|                                                     |___M__A_____|   |
+----------------------------------------------------------------------+
    N           Min           Max        Median           Avg        Stddev
x   5       1585928       1619817       1608891     1604564.2     12728.878
+   5       1683246       1712607       1690405     1695508.6      12250.89
Difference at 95.0% confidence
        90944.4 +/- 18219.1
        5.66786% +/- 1.13546%
        (Student's t, pooled s = 12492.2)

And regarding ipfw in statefull mode:


x 272685.ipfw-statefull
+ 273009.ipfw-statefull
+----------------------------------------------------------------------+
|xx    x   x    x                       ++   +    +                   +|
||_____A______|                                                        |
|                                    |_______M___A____________|        |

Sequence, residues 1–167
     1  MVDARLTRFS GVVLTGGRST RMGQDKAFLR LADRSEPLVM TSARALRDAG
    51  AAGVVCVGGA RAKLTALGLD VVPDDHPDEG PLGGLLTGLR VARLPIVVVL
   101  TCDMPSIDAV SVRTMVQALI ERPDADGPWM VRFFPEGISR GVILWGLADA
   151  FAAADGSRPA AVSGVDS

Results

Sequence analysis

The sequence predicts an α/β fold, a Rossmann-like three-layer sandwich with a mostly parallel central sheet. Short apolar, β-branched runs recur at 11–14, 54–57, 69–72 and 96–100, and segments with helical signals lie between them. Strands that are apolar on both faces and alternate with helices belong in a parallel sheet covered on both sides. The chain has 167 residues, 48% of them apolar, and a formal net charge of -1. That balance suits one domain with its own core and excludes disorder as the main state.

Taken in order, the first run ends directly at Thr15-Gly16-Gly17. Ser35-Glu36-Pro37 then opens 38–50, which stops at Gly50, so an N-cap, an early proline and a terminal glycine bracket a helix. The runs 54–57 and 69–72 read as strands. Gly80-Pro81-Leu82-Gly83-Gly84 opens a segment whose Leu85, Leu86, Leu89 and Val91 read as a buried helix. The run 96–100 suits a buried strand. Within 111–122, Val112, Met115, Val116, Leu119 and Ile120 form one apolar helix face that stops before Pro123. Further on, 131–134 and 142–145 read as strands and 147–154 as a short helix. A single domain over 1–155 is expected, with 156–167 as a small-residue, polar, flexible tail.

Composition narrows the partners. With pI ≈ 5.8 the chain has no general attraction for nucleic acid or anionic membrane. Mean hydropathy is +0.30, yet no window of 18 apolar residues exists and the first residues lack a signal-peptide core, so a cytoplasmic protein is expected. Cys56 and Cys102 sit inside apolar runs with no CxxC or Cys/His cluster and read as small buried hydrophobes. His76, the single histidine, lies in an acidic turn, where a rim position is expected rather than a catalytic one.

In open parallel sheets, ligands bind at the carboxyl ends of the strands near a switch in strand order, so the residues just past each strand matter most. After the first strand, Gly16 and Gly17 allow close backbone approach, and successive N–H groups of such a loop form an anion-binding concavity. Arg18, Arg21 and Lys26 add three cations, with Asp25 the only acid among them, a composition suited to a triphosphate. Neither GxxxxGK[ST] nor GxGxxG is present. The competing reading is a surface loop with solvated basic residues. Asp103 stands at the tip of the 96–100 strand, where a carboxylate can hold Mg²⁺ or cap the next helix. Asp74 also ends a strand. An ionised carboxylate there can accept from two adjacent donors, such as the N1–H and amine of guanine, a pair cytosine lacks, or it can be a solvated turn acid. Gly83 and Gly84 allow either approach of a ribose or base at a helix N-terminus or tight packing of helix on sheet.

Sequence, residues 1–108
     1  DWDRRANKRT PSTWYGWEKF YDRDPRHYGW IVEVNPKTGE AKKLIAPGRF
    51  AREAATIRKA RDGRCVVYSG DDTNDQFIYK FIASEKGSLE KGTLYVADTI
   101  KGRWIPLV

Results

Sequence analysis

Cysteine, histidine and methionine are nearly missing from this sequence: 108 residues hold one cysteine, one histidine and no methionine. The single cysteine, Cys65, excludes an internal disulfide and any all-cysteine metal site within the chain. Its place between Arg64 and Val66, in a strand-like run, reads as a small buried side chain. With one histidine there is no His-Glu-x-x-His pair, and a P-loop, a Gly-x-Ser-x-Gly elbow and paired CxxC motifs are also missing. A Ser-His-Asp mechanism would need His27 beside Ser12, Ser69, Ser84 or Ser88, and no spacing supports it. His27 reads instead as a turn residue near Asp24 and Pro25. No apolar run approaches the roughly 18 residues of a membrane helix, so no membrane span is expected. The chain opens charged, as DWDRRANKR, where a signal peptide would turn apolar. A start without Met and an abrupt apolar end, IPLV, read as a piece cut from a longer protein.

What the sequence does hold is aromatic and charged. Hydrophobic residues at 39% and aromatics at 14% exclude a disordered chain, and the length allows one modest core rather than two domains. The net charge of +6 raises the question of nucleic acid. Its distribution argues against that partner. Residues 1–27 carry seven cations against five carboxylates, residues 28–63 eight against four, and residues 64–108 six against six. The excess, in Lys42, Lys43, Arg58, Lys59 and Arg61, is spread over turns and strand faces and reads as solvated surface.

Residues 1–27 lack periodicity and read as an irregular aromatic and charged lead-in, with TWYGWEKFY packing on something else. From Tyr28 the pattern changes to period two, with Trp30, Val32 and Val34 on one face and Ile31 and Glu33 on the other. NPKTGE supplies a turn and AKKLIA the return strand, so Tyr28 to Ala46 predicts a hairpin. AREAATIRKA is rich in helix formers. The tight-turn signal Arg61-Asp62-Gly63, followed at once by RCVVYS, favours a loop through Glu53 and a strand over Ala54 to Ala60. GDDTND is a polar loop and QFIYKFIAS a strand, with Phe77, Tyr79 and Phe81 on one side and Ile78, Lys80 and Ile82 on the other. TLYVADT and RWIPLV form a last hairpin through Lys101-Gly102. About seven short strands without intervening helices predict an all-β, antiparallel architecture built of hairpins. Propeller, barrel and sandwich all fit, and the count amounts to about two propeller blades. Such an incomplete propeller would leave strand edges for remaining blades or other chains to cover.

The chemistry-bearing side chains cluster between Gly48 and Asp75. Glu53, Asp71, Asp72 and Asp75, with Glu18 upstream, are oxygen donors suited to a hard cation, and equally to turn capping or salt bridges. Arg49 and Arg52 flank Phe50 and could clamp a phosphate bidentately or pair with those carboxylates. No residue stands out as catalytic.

+----------------------------------------------------------------------+
    N           Min           Max        Median           Avg        Stddev
x   5       1390415       1433678       1407058     1408663.4     18451.472
+   5       1502719       1589778       1517320     1529871.8     35404.181
Difference at 95.0% confidence
        121208 +/- 41172.4
        8.6045% +/- 2.9228%
        (Student's t, pooled s = 28230.4)

mercredi, septembre 17, 2014

PuTTY and Solarized colors

I'm using the Solarized color palette on all my FreeBSD desktops, but at work I had to works from a MS Windows desktop :-(
Here are my PuTTY settings for a correct rendering of Solarized colors.

Softwares used

Installation steps

Installing PuTTY or MTPuTTY didn't need specials instruction.
If you're using KiTTY, the Solarized PuTTY.reg files need to be adapted by opening them into a text editor and replacing the line: